Following my progress during MA studies at Edinburgh College of Art, this blog originally documented my first year after graduation, and my attempts to create a sustainable practice. It shows the activities I have been involved with in making this a reality, and the new path my studies will take. Using a blog is also a method of documenting work and exploring critical thought, which is a requirement of the course at Edinburgh.


Another project we worked on whilst being exiled from the studio was A World of Ego Close to the Gods. 

Given the opportunity to use the Embassy Gallery in Edinburgh for 4 weeks, we had to come up with a project which would satisfy everyone involved – both MA and MFA students.

We settled on a table based exhibition which ensured all participants had a level playing field – the same amount of 30x3o cm table to work with. The idea of a kind of anthropological display with a note to representing oneself as an artist in either an object or intervention on this compact space. The idea of breaking down hierarchies in a simple way yet left up to the individual to contribute in that way they felt appropriate.

The tables were beautifully made – two fellow students having excellent woodworking skills – but perhaps some of the work almost seemed an afterthought. Which I expect is quite often the case in a project such as this.

I ended up managing the project, something I have experience in and I particularly enjoy. Perhaps a desire for control or just a joy in organising and seeing/making things happen. A few hitches along the way providing challenges and learning points which were welcomed. Learning the new skill of van driving will stand me in good stead, I know it.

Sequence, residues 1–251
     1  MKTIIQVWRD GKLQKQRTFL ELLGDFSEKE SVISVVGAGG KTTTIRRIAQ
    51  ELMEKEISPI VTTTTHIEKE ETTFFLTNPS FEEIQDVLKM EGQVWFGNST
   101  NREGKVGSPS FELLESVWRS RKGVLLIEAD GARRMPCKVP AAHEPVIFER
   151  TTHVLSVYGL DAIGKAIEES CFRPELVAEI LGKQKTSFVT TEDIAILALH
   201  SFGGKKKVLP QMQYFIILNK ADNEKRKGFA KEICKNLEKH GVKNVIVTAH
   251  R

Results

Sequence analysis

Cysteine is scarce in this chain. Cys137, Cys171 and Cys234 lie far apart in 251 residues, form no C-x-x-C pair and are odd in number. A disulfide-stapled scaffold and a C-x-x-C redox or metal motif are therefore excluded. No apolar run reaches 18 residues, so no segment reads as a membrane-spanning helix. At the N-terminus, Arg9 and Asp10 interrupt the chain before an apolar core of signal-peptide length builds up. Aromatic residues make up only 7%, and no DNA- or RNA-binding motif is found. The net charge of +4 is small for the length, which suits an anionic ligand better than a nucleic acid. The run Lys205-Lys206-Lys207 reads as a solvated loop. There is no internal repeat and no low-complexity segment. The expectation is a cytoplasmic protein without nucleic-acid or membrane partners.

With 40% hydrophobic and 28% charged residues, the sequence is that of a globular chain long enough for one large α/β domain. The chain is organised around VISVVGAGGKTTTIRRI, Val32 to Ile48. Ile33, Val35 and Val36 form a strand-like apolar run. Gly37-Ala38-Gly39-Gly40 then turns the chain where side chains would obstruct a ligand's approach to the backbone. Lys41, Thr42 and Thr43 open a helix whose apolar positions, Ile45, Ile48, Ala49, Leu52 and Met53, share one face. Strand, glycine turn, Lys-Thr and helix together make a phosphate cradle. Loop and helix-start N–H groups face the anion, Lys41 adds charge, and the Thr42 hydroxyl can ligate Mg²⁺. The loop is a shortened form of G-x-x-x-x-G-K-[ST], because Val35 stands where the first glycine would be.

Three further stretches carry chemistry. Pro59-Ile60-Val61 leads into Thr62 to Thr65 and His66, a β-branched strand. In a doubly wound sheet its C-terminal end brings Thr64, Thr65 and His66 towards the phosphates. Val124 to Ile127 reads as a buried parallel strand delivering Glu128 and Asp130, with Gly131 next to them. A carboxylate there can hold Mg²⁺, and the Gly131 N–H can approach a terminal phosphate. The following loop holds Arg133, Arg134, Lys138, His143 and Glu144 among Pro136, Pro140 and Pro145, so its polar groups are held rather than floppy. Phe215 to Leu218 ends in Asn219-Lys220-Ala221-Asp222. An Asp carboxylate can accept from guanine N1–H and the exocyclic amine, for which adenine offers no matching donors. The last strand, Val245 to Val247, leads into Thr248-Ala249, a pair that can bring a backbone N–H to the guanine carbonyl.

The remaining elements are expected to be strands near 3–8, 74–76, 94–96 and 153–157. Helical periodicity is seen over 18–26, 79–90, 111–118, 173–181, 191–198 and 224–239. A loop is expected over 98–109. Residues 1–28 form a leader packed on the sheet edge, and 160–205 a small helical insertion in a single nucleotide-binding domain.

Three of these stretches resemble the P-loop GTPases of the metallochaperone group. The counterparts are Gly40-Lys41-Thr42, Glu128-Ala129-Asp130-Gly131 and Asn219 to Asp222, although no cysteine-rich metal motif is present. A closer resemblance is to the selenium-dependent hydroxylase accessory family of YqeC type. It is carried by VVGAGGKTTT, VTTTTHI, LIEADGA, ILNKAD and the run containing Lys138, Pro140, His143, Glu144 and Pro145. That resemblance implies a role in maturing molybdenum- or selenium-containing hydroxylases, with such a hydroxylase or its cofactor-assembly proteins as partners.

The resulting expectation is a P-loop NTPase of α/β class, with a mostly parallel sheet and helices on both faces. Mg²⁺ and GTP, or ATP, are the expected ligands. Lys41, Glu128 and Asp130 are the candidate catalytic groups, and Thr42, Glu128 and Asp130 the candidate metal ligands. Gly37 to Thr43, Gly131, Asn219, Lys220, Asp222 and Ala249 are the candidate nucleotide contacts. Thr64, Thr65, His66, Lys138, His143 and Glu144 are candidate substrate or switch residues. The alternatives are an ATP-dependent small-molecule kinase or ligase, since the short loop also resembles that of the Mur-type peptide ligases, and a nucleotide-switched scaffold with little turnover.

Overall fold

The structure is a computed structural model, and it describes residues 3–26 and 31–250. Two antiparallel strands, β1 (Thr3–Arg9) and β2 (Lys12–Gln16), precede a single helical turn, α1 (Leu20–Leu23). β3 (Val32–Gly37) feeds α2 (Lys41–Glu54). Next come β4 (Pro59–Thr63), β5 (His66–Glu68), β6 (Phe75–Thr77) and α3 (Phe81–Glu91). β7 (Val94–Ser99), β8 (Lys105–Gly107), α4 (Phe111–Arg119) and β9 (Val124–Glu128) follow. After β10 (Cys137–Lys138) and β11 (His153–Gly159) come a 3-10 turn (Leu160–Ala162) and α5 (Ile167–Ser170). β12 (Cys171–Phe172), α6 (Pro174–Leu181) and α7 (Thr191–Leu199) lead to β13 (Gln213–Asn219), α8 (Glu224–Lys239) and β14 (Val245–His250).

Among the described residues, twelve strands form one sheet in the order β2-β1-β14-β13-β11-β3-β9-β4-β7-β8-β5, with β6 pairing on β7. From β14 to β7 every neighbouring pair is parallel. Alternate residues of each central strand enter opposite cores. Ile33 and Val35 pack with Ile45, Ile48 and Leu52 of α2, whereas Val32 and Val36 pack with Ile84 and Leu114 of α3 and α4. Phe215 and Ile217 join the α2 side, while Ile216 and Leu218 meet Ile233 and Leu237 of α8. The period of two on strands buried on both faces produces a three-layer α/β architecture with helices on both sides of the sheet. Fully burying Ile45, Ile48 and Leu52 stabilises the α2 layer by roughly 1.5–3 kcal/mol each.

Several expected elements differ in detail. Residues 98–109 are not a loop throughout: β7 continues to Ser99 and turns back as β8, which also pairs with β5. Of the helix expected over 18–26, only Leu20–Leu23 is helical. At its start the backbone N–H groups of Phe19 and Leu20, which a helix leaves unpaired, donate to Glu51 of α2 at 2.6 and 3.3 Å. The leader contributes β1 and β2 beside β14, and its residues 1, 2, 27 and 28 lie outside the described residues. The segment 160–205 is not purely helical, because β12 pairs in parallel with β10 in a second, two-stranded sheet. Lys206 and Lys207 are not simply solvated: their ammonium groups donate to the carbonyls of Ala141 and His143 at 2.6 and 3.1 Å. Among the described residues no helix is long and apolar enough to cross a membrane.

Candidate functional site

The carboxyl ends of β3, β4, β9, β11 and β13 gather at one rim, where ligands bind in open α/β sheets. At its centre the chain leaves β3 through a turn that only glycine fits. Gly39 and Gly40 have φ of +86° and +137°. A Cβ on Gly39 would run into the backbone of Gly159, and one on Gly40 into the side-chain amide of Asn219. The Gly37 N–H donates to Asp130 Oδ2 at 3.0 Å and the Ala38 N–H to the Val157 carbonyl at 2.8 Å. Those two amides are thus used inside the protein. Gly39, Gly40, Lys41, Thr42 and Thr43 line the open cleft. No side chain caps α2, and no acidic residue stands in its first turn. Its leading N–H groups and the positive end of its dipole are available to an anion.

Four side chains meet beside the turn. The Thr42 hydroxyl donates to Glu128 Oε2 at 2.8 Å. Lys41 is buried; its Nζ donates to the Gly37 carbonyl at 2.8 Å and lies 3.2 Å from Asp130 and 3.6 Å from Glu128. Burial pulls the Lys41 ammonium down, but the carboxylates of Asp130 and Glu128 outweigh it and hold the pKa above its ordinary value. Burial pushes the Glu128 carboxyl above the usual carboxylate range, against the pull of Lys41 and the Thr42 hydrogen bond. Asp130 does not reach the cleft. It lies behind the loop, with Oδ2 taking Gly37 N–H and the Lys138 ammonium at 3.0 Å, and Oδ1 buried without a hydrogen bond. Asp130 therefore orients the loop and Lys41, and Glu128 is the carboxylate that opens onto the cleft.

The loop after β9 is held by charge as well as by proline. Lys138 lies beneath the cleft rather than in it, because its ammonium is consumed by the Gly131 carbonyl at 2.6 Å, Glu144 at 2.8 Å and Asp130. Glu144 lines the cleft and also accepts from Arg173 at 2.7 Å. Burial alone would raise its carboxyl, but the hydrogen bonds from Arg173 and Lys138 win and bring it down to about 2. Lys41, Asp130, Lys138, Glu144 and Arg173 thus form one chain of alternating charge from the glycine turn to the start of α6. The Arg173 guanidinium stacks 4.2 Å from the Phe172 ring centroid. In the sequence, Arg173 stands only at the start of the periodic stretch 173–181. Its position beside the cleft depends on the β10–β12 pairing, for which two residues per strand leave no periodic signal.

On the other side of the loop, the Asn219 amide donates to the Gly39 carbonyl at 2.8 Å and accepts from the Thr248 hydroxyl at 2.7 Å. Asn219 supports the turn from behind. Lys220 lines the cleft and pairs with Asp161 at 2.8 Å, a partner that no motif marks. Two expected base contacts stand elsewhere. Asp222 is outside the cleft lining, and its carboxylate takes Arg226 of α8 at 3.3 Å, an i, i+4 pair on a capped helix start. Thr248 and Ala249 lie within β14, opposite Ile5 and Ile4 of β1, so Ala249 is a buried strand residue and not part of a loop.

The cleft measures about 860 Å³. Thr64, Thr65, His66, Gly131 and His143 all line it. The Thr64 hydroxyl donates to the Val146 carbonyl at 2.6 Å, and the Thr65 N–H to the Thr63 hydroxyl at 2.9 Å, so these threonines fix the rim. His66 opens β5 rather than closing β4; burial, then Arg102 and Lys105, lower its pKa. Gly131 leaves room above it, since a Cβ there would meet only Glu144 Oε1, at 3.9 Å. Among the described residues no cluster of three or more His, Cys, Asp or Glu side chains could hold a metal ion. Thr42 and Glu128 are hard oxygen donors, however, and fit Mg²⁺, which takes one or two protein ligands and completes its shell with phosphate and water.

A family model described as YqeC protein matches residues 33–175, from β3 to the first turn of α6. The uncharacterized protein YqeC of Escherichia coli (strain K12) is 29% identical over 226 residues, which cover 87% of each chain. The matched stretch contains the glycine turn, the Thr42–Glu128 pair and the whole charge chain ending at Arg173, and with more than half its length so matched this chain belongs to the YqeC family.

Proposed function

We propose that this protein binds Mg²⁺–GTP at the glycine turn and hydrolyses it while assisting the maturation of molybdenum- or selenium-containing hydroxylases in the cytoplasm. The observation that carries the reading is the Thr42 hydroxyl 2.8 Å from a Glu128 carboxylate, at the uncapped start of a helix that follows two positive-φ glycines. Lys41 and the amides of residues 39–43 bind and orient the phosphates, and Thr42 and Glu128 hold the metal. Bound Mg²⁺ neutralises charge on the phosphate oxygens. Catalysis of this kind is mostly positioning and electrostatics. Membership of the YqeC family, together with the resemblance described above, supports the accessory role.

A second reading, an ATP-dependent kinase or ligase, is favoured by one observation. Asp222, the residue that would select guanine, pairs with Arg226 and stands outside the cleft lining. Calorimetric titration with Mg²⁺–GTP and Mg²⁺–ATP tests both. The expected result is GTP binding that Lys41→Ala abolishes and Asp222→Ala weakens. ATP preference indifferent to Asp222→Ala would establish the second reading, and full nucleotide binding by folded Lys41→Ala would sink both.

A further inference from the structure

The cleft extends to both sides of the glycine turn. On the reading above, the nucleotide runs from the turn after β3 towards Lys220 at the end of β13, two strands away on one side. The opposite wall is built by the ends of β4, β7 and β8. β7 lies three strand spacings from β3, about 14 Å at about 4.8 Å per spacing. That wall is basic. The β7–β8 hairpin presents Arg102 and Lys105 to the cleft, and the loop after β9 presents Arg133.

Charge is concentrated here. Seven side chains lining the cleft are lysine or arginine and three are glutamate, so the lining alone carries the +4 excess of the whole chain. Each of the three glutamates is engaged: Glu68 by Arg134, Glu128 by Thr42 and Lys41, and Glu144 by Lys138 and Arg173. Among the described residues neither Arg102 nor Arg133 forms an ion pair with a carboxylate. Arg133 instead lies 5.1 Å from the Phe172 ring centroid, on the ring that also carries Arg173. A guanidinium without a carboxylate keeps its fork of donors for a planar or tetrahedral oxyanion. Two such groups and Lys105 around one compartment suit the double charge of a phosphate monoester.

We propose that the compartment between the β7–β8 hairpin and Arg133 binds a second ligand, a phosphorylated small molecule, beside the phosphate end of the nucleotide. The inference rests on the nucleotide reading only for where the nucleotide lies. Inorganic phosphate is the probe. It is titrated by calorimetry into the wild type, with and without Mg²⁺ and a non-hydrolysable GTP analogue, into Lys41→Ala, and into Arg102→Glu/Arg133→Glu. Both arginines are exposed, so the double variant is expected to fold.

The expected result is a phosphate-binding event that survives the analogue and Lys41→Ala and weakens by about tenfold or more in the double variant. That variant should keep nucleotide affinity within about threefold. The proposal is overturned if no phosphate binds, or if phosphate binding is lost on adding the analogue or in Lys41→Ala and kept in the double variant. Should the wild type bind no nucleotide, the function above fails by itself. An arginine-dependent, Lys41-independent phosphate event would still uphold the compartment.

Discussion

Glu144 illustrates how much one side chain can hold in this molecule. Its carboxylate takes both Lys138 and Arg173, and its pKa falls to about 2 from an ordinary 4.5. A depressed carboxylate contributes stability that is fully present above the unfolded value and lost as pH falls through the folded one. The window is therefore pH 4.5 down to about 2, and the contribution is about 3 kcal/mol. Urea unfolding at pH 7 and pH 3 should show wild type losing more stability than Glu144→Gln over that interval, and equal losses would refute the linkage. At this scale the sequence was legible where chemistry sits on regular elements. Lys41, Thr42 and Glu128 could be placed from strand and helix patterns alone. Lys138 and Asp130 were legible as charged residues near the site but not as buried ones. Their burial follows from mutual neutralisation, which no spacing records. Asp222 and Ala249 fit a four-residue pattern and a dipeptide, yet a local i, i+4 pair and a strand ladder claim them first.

Gaining drinks sponsorship, arranging a successful opening night with live music, sorting out invigilation and organising everything in between is all part and parcel of an event such as this. It was really time consuming but ultimately worthwhile as we pulled off a very successful event.

Looking back it was a good distraction, with no working space to be had, but with the weeks flying by I now am struggling to concentrate on preparing for the final show in August.

I find myself too often distracted by outside concerns and I wonder how the artists/students who seem completely engaged all the time do it. Maybe I am too in touch with my own reality, or perhaps I see that completely as part of my practice.



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Just after my long ago last post, we had an “end of term” assessment.

There has been a bit of a hiatus or lull in many things since then. Feedback was exceptionally late, also: Unfortunately, due to lack of space in the college, we were obliged to move out of our studios to a small space where only the smallest of work can be made. Often these conditions can indeed be the starting point for something different – forced change can create exceptional solutions.

However usually it is just a pain in the behind.

I had decided to continue with my Numbers project and make a much larger, life sized version – the physicality reflecting ourselves in our surroundings. Making large size sculptural pieces with little space to do it in was perhaps not the best idea, but sometimes once you are in the thick of it, there is no going back.

Having a steadfast commitment to finishing a piece of work, despite setbacks, cost, logistical challenges and lack of resource is something I’d say I have. Not purely a stubborn attitude but more not being put off when someone says it can’t be done – more about let’s think how we can do it.

So finish them I did, finally, and they were shown last week at the Talbot Rice Gallery.

This came about as a integral part of the course – working with the curators there to make a show of our peer group.

Initially we were to send an artist statement and images for them to gain an insight to our practice. Later there were studio visits and an ongoing negotiation about what works would be shown and how.